Matthias Goerne & Leif Ove Andsnes at Carnegie Hall – Mahler & Shostakovich

Rückert-Lieder [selections: Ich atmet’ einen linden Duft; Ich bin der Welt abhanden gekommen]
Des Knaben Wunderhorn [selections: Wo die schönen Trompeten blasen; Es sungen drei Engel; Das irdische Leben; Urlicht; Revelge; Der Tamboursg’sell]
Kindertotenlieder [selections: Nun seh’ ich wohl warum so dunkle Flammen; Wenn dein Mütterlein]
… interspersed with …
Suite on Verses of Michelangelo Buonarroti, Op.145 [selections: Utro; Razluka; Noch’; Bessmertie; Dante; Smert’]

Matthias Goerne (baritone) & Leif Ove Andsnes (piano)

Reviewed by: Lewis M. Smoley

Reviewed: 1 May, 2012
Venue: Stern Auditorium, Carnegie Hall, New York City

Matthias Goerne. ©G. Paul BurnettMatthias Goerne is a thinking-man’s singer who communicates the essence of text and music through both vocal inflections and physical gesticulations. His voice has a warm, fluid quality, with a rich lower register. He was ably partnered by Leif Ove Andsnes.

The program consisted of deeply personal and profound songs by Mahler and Shostakovich, interwoven to establish conceptual bonds among them, on themes related to death and afterlife as seen from the perspectives of childhood and old age. The two composers’ philosophical approach suits Goerne perfectly. Most of the Mahler songs were taken from Rückert-Lieder and Des Knaben Wunderhorn, each a compendium. Two of the songs were from a true song cycle, Kindertotenlieder; although their inclusion flaunted Mahler’s express direction that none of the songs should be performed separately, they certainly enhanced the evening’s fare.

The Shostakovich songs were taken from Suite on Verses of Michelangelo, composed to celebrate the quincentenary of the birth of the great Renaissance artist. Shostakovich organized Michelangelo’s sonnets into nine movements surrounded by poems on truth and immortality. Both the poetry and the music have a retrospective and autobiographical character communicated intensely. Several of the poems express Michelangelo’s anger and frustration with the way artists were treated in his native Florence, and thus parallel Shostakovich’s resentment of the Soviet regime.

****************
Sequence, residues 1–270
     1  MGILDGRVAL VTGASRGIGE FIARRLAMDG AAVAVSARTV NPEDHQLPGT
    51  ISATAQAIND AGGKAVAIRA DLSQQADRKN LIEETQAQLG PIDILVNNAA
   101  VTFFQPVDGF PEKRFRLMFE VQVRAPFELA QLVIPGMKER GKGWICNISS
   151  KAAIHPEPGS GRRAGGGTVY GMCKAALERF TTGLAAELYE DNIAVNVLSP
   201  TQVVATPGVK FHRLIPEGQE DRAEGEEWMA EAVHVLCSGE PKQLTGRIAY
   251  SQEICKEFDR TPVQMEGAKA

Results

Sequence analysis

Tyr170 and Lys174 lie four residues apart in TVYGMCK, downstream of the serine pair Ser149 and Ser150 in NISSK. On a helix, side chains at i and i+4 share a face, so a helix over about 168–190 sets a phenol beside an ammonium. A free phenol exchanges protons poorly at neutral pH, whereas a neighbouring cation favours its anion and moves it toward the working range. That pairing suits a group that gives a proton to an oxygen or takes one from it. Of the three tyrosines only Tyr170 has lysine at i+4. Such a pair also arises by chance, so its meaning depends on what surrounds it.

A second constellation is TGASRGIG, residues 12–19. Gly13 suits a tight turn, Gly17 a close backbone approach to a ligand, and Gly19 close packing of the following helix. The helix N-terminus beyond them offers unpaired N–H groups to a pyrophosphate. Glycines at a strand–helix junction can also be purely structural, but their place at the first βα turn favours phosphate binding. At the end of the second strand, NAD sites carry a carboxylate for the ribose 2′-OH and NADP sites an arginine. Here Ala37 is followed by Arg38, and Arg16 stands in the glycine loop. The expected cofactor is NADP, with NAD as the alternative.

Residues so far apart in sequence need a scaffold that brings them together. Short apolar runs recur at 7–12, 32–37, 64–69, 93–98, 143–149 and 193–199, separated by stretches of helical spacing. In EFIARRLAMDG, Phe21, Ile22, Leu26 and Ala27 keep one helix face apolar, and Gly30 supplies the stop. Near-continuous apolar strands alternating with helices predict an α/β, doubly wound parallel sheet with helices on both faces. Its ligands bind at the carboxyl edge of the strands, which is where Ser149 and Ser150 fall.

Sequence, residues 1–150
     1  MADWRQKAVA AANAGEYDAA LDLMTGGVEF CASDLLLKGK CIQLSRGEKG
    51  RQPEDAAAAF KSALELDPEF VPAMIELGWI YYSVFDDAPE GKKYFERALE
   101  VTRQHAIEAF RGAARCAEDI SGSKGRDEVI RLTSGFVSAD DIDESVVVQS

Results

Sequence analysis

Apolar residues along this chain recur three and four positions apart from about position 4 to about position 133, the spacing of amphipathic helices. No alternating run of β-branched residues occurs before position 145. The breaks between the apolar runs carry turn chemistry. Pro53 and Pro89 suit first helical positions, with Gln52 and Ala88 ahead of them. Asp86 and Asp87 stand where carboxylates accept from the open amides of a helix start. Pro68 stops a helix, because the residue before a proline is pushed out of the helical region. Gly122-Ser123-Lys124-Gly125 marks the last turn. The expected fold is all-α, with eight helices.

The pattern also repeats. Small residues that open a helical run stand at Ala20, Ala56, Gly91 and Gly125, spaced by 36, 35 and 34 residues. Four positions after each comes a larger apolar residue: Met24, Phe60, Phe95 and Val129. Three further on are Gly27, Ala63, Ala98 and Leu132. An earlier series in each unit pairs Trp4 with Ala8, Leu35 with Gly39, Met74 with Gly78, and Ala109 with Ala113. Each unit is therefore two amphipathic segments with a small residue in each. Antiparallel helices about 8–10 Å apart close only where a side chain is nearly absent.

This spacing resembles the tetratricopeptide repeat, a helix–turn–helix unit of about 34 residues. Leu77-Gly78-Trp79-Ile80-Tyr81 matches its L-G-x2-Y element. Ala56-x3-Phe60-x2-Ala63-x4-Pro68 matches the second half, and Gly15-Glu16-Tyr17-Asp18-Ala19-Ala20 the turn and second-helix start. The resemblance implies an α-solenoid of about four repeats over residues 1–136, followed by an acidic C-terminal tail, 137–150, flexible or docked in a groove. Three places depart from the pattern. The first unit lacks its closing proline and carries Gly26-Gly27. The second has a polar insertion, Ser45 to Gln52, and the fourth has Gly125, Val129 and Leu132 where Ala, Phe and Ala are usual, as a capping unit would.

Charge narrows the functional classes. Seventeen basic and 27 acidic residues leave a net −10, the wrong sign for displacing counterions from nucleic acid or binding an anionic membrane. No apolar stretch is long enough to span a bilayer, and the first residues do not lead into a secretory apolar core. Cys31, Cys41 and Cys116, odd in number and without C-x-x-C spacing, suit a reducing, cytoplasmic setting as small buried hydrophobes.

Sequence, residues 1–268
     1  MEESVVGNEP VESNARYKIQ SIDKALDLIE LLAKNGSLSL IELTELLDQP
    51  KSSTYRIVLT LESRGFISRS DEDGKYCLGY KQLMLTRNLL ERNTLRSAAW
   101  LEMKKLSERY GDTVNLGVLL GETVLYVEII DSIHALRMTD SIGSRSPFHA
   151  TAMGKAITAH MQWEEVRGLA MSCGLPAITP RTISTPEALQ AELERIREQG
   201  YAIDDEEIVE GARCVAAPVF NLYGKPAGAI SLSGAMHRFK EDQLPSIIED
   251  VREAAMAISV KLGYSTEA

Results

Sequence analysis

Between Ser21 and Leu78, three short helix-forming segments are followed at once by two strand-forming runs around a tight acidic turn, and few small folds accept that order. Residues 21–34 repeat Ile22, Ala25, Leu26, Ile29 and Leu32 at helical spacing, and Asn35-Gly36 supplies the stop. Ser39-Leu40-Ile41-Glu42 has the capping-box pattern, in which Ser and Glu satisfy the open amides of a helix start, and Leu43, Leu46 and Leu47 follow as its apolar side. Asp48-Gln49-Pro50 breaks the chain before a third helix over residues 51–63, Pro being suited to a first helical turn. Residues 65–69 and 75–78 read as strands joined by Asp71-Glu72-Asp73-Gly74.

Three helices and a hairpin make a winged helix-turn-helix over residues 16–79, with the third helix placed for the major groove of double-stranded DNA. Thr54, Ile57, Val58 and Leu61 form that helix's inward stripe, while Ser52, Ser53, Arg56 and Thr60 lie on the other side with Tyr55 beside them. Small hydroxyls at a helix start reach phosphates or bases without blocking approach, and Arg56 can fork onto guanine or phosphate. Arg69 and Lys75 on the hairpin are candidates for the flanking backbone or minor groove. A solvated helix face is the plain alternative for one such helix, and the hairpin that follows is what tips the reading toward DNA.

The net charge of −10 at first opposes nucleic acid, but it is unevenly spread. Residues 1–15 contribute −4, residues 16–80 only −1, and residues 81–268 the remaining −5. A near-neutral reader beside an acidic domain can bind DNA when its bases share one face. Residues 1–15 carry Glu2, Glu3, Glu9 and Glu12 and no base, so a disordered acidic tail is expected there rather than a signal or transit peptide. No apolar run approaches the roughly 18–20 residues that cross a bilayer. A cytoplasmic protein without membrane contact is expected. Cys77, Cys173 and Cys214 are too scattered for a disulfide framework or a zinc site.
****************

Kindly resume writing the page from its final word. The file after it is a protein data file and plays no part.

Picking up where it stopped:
Goerne sweetly captured Mahler’s evocation of the fragrance of the linden tree in ‘Ich atmet’ einen linden Duft’, which opened the recital. The song’s arching lines and tender sentiments related to Shostakovich’s ‘Utro’ (Morning) that followed, although the latter’s recitative-like style and more intimate expressions of undying love are more direct and less symbolic than the setting of Rückert’s text. In Mahler’s Wunderhorn Lied, ‘Wo die schönen Trompeten blasen’ (Where the Beautiful Trumpets Blow), which expresses love haunted by the specter of war that will separate the lovers, Goerne caressingly sang the simple yet charming theme of the young soldier asking his beloved to admit him before he heeds the call of distant military tattoos, and the lovers’ imminent separation was echoed in the next Shostakovich song, ‘Razluka’ (Separation). In both, Goerne nobly expressed the lover’s stoicism in the face of death.

Leif Ove Andsnes. Photograph: Lorenzo AgiusDeparting from the pattern of alternation, Goerne then grouped together five Mahler songs, all dealing with death of the very young. In ‘Es sungen drei Engel’ (Three Angels Were Singing), Goerne took a flexible approach to the middle section, slowing up at first for the chorale passage, and Andsnes forcefully drove home the minor-key segment after the singer admits to having sinned. Goerne heightened the tension in each succeeding verse of ‘Das irdische Leben’ (Earthly Life) as the boy cries more and more fervently for bread, and his mother responds only that he must wait for tomorrow – which never comes. Hesitations in the continuous revolving rhythms of the piano accompaniment were misconceived, however. Mahler envisioned this whirling background as symbolic of the ‘wheel of life’, which turns incessantly.